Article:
0-9705394-2-8 
* Component Design by Example ",  2001 isbn  0-9705394-0-1
* VHDL Coding Styles and Methodologies, 2nd Edition, 1999 isbn 0-7923-8474-1
* VHDL Answers to Frequently Asked Questions, 2nd Edition, isbn 0-7923-8115
------------------------------------------------------------------------------



Article: 42292
Subject: Xilinx Easypath- Selling parts with known defects
From: kayrock66@yahoo.com (Jay)
Date: 19 Apr 2002 11:50:12 -0700
Links: << >>  << T >>  << A >>
I was wondering when someone was going to do this.  Correct me if I'm
wrong but basically the way this works is Xilinx screens parts at
wafer probe with known defects against a particular design's P&R to
see if it's fucntion would be adversly effected.  If it isn't, then
the part can be delivered and guaranteed to work for this particular
design.  Xilinx gets to sell silicon that would otherwise be discarded
(or sold as engineering versions with an erratta sheet) and the
customer gets some cost break on his mature application.

I guess you still have to use the config parts as always, and you've
given up the field upgradability benefits touted for FPGA based
designs but for some applications this could really work.

As an extension of this program, I'd like to these parts made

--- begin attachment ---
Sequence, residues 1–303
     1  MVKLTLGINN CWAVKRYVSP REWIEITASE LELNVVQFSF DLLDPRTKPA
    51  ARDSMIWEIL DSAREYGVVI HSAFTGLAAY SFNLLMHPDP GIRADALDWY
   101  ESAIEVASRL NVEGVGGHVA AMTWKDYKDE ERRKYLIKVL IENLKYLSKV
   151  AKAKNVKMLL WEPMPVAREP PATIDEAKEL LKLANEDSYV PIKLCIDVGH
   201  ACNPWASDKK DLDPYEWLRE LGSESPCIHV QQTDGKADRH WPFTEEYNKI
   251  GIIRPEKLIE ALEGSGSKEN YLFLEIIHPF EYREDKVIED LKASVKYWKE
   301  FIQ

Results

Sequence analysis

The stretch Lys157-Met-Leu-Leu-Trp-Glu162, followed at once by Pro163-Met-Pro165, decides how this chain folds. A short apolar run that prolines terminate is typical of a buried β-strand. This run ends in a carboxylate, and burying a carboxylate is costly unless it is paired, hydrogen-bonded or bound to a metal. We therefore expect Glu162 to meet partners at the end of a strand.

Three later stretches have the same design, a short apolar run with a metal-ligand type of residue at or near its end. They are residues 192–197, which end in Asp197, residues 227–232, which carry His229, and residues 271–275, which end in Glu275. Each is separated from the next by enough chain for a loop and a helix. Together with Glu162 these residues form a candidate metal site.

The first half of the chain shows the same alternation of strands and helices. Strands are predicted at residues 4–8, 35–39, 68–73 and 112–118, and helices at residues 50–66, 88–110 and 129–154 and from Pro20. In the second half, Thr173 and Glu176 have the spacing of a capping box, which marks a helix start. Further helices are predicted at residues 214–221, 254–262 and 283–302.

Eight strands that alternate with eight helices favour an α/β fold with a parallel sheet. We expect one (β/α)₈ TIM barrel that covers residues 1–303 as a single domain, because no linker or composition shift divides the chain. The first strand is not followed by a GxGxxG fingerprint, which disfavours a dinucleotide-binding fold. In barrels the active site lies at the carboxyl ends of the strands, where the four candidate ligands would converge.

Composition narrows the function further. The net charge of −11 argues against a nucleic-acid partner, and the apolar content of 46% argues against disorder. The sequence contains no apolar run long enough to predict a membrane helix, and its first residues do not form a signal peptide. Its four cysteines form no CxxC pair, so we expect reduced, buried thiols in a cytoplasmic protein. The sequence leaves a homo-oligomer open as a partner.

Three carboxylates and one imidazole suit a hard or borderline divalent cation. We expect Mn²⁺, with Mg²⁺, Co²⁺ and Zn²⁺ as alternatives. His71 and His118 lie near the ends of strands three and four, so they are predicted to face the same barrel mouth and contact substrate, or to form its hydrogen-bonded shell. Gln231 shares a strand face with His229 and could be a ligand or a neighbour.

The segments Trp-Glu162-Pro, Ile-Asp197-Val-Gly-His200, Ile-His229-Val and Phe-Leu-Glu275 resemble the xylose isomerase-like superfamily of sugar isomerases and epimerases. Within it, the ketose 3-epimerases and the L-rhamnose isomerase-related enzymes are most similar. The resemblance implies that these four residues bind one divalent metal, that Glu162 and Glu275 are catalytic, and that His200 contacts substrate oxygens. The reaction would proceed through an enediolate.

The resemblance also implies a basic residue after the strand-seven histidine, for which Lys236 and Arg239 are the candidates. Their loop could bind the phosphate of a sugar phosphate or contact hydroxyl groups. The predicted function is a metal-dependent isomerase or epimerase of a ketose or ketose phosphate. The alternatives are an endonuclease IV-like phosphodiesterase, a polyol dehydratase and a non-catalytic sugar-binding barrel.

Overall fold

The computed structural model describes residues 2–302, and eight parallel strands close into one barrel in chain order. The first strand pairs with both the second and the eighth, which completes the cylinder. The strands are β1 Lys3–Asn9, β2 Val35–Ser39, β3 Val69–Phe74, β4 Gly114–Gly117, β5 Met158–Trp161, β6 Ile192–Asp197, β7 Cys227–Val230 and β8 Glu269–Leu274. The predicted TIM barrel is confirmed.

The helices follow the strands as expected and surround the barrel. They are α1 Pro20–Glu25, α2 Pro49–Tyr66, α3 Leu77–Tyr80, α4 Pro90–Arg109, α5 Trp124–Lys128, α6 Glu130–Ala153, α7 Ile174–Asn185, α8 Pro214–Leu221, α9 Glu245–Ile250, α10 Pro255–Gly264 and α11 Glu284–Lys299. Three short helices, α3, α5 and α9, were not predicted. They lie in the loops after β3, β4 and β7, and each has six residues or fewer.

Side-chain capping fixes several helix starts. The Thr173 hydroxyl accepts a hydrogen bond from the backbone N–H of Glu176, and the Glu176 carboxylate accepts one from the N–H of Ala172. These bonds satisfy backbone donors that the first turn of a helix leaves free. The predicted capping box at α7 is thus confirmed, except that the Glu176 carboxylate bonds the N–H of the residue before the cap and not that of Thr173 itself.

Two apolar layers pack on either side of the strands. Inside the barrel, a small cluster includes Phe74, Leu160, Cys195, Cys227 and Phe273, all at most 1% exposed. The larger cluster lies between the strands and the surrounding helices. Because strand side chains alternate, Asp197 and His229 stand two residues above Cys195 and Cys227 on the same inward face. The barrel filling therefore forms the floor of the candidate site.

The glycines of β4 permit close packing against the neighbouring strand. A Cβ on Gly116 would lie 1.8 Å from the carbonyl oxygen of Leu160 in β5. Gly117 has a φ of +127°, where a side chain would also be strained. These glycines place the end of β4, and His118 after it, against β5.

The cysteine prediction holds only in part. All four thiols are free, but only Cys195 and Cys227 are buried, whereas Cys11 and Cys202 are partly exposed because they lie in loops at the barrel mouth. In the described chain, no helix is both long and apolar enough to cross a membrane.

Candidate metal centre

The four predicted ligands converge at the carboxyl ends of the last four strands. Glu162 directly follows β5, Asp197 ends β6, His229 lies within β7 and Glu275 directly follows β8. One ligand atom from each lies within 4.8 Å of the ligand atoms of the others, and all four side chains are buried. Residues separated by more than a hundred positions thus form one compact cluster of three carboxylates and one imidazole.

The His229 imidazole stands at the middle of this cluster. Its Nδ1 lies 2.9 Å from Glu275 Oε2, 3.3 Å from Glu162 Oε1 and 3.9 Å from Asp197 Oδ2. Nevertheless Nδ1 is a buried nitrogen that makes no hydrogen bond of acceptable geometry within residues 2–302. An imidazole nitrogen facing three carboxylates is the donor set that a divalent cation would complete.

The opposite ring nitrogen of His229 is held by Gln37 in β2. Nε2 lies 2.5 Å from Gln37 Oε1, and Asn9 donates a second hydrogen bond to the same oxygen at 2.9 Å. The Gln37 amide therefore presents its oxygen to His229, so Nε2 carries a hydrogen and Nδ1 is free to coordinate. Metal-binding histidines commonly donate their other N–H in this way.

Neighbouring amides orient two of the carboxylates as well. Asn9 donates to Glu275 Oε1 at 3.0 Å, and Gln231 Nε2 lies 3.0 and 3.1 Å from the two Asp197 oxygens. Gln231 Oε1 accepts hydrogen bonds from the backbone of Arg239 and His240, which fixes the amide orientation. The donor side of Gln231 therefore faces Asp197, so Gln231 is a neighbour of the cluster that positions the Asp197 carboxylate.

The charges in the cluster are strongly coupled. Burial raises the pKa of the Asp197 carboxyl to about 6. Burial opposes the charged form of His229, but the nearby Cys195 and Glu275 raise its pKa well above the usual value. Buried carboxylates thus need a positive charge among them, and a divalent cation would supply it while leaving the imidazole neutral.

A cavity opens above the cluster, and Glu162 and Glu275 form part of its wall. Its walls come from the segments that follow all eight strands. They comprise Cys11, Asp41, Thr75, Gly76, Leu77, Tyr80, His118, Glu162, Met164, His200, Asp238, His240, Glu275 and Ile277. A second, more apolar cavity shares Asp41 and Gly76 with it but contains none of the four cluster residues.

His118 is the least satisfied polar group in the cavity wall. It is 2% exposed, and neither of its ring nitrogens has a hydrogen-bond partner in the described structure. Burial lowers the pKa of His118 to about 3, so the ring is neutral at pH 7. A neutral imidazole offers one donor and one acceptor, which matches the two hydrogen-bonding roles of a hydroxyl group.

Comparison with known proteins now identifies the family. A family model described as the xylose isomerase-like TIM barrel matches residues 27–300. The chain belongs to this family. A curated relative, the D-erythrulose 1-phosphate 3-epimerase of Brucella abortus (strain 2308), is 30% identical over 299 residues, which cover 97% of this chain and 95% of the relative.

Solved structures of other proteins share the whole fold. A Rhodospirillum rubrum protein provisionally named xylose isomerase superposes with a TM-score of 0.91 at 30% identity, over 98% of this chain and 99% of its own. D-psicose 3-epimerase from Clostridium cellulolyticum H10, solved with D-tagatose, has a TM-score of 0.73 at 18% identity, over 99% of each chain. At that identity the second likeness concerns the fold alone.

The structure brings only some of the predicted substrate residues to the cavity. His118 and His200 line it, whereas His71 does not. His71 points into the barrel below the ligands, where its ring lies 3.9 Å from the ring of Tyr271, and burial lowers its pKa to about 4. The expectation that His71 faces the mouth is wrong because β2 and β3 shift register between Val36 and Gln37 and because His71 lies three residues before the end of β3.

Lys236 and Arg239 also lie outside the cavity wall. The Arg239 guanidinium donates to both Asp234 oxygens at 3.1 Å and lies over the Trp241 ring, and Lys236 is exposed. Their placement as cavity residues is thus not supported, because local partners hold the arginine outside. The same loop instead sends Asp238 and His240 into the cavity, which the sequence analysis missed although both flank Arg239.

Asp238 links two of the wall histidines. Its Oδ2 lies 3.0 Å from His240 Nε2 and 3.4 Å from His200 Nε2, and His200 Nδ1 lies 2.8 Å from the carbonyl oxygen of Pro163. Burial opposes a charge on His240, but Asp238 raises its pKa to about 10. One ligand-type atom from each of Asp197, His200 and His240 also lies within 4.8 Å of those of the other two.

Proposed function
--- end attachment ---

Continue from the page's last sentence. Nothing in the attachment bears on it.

available for sale in small quantity without the NRE charges and an
RLOC file that goes with the serial number of the part or something
like that to be included in the P&R to work around.  The chips can be
like diamonds where the price varies depending on the amount of
defects from "flawless", to "slight inclusions".  You buy what you
need.

Article: 42293
Subject: Re: Source code for a NIOS instruction set simulator?
From: Mark Aaldering <Mark.Aaldering@xilinx.com>
Date: Fri, 19 Apr 2002 11:56:14 -0700
Links: << >>  << T >>  << A >>

For what it's worth - the Xilinx MicroBlaze development kit *does* include a cycle accurate
instruction set simulator.
Thus cycles, and user designated Hz (0 to 150Mhz), yields real clock time.

Of course you may also use Model Tech - but you are not forced to do this to get the real execution
time of your program.

Matthew Mahr wrote:

> The instruction set simulator has no awareness of the actual hardware
> environment, and thus does not give you an accurate idea how long your
> code takes to execute in real hardware.
>
> Matthew
>

--
Mark Aaldering
Sr. Director IP Solutions Division
Xilinx.com



Article: 42294
Subject: Multilinx: timing specs
From: "Antonis Karvelas" <akarb@intranet.gr>
Date: Fri, 19 Apr 2002 11:01:09 -0800
Links: << >>  << T >>  << A >>
1) Do you know when the Multilinx changes the DIN output in respect with the CCLK output in the serial slave programming mode?

2)Do you know the timing relationship between Multilinx's CCLK and the signals CS_B, RDWR_B and D(0:7) in the slave selectMAP programming mode ? In other words when the Multilinx changes the above control signals in respect with the CCLK. At the positive or negative edge of the CCLK ?

Thanks